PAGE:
Philip Rhodes

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Philip Rhodes
OccupationNaval architect

Philip Leonard Rhodes (1895–1974) was a naval architect known for his diverse yacht designs.[1] He designed a wide variety of vessels from 123' motor-sailors to 7' dinghies, from hydrofoil racers to giant motor yachts. His work also included commercial and military vessels such as minesweepers and police boats. His clients ranged from Rockefellers to Sears & Roebuck. His 12 Meter class Weatherly (USA-17) won the America's Cup in 1962.[2][3]

Rhodes was born in 1895 in Thurman, Ohio. He attended MIT, graduating in 1918 in naval architecture and marine engineering.[4] He worked for the US Army Corps of Engineers during World War I. After the war he began work as a shipfitter in Lorain, Ohio. He later moved to New York where he opened a small office as a marine architect.[5]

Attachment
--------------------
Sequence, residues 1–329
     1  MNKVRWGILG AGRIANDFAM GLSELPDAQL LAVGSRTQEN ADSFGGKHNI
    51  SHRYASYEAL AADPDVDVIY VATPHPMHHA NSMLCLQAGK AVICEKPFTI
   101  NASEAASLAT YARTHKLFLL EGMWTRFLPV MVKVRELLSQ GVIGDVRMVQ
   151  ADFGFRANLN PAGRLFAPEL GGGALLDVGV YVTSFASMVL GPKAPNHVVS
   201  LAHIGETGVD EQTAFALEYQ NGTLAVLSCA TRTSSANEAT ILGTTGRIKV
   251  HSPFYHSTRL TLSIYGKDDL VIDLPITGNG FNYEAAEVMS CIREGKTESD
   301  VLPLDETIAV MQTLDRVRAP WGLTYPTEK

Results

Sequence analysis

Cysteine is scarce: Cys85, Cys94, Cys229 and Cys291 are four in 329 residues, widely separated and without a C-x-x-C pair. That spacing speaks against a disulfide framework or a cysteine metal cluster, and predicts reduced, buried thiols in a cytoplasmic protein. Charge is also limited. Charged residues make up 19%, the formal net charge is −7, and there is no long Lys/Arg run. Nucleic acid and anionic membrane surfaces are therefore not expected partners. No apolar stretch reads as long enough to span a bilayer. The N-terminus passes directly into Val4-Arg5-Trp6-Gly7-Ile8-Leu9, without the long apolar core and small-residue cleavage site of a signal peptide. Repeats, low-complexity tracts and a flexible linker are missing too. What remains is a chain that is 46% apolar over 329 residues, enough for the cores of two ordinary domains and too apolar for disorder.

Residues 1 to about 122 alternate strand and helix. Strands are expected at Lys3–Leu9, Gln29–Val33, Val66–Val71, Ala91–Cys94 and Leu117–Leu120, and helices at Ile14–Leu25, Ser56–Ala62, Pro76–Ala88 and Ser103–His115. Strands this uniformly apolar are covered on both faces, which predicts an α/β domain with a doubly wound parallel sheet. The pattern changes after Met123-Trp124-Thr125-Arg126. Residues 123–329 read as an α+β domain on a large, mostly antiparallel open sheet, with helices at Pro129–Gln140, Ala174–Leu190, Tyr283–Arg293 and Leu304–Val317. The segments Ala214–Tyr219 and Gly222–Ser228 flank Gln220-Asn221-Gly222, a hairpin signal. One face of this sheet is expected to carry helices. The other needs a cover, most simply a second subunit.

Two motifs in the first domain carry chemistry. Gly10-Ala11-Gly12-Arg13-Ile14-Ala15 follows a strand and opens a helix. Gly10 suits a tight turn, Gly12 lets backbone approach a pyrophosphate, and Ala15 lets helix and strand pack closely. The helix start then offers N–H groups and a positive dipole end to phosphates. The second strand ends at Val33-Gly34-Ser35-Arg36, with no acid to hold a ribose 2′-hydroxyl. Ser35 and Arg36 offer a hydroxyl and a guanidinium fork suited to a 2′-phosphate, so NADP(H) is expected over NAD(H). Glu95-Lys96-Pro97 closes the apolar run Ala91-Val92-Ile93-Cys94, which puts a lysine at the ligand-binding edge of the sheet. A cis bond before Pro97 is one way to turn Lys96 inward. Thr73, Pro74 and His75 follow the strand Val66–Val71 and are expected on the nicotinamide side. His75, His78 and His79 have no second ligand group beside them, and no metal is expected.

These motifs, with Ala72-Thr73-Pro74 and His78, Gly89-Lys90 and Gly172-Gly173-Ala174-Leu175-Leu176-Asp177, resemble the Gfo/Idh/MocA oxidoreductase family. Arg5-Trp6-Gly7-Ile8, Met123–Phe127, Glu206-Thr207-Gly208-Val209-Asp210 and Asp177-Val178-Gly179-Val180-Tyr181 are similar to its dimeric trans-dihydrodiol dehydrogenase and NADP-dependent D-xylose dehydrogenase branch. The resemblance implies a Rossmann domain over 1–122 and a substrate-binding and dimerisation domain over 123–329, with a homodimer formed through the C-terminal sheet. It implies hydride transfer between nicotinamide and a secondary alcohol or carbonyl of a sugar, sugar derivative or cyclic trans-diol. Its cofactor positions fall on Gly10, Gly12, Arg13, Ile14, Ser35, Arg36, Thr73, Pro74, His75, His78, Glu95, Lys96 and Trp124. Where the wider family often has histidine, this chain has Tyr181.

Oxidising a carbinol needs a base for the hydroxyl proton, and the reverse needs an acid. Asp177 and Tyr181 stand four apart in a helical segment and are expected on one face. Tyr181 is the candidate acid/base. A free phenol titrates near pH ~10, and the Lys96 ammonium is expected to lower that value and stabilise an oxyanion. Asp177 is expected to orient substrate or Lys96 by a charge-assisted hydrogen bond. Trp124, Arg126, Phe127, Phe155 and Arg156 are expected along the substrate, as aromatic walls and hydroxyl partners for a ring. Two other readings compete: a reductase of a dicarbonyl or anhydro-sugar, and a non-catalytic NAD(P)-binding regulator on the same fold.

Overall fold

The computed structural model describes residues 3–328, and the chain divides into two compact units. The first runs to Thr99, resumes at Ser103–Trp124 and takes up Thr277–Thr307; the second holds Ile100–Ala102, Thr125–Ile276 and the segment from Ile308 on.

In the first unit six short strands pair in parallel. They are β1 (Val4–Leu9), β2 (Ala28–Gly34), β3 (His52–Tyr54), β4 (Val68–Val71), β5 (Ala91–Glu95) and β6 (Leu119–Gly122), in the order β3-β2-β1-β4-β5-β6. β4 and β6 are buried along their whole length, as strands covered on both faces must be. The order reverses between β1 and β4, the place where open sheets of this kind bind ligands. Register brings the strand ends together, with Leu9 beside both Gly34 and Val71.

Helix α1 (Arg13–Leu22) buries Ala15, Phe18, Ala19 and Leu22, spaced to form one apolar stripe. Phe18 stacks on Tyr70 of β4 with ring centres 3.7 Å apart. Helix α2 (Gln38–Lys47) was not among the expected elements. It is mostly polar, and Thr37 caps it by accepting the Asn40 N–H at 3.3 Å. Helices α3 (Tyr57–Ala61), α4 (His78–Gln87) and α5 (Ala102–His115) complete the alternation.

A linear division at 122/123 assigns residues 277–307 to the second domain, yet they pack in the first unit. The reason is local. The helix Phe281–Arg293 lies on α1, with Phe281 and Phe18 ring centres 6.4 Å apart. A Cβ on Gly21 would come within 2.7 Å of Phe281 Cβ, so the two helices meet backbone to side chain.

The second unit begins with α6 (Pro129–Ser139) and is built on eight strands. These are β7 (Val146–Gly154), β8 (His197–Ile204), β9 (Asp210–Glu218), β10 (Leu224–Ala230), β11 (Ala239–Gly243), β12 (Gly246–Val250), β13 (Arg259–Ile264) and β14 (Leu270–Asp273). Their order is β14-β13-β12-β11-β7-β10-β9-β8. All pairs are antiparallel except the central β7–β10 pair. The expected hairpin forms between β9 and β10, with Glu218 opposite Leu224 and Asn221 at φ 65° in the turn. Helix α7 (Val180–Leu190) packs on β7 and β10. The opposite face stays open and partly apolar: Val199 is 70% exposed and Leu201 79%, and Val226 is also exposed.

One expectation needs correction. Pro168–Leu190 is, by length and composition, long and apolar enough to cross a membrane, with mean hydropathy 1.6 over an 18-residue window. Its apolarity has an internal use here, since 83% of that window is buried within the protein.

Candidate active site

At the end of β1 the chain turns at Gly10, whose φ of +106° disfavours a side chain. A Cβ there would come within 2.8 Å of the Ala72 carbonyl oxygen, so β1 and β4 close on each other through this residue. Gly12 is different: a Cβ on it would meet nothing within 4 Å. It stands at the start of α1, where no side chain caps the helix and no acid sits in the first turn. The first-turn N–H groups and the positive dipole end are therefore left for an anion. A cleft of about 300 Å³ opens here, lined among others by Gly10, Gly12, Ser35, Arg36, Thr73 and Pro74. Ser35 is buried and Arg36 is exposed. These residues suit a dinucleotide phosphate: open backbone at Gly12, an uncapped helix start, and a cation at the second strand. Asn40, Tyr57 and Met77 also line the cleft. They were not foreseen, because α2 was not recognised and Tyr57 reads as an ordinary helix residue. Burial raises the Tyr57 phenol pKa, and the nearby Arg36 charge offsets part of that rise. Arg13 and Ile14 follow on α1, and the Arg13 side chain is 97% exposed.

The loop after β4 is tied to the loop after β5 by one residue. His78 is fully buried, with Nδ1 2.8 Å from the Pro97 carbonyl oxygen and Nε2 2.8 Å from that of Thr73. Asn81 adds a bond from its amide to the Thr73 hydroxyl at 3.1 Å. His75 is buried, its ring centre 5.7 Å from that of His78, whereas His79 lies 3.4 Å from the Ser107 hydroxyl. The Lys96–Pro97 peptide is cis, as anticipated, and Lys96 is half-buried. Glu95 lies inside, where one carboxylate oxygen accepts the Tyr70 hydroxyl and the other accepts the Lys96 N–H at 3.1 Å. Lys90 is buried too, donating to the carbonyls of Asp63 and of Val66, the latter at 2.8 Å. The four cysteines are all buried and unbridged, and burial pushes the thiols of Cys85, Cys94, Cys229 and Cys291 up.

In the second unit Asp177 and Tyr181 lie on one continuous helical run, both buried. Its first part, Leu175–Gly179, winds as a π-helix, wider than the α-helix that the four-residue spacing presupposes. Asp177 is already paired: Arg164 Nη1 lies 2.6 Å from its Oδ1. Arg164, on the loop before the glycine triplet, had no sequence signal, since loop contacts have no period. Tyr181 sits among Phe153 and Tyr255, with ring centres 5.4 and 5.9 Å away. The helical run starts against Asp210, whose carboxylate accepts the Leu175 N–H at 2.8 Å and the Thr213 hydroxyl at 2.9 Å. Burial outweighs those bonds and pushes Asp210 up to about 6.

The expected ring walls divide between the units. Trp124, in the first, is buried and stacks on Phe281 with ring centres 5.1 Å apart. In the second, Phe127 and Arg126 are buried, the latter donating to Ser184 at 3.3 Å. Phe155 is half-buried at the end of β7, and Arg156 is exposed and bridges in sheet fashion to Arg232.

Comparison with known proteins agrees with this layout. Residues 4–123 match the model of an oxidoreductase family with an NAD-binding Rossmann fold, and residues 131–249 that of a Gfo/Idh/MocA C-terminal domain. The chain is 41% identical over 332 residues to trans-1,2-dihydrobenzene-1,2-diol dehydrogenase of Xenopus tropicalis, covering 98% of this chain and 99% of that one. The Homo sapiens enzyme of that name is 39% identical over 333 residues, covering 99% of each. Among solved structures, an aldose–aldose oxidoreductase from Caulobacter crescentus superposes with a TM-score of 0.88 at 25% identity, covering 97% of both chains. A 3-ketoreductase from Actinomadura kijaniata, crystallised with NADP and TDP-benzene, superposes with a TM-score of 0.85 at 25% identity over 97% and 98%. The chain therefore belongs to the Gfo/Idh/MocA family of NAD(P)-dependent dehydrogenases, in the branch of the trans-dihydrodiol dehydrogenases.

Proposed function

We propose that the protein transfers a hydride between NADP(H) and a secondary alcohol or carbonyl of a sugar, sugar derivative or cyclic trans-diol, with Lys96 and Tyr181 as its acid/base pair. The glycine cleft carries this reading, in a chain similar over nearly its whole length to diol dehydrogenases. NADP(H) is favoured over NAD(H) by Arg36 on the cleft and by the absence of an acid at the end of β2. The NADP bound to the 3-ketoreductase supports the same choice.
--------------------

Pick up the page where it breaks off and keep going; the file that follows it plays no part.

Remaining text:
Philip Rhodes joined the design firm of Cox & Stevens in 1934. He became head naval architect for the firm after the death of lead designer Bruno Tornroth in 1935. In 1946 the firm of Philip L. Rhodes succeeded Cox & Stevens Inc. It closed in 1974, following Rhodes's death.[4]



  1. ^ Henderson, Richard (1981). Philip L. Rhodes and His Yacht Designs. Camden, ME: International Marine Pub. Co. ISBN 0-87742-128-5. OL 3793032M.
  2. ^ Ben Stavis. "Analytical Biography". Temple University archive.Retrieved on 08-10-09
  3. ^ McArthur, Bruce (2020). "Philip Rhodes". Archived from the original on 13 February 2021. Retrieved 13 February 2021.
  4. ^ a b "Biography of Philip L. Rhodes". Mystic Seaport Collections.Retrieved on 08-10-09
  5. ^ Spurr, Daniel, Heart of Glass, McGraw Hill, 2000 pg 101

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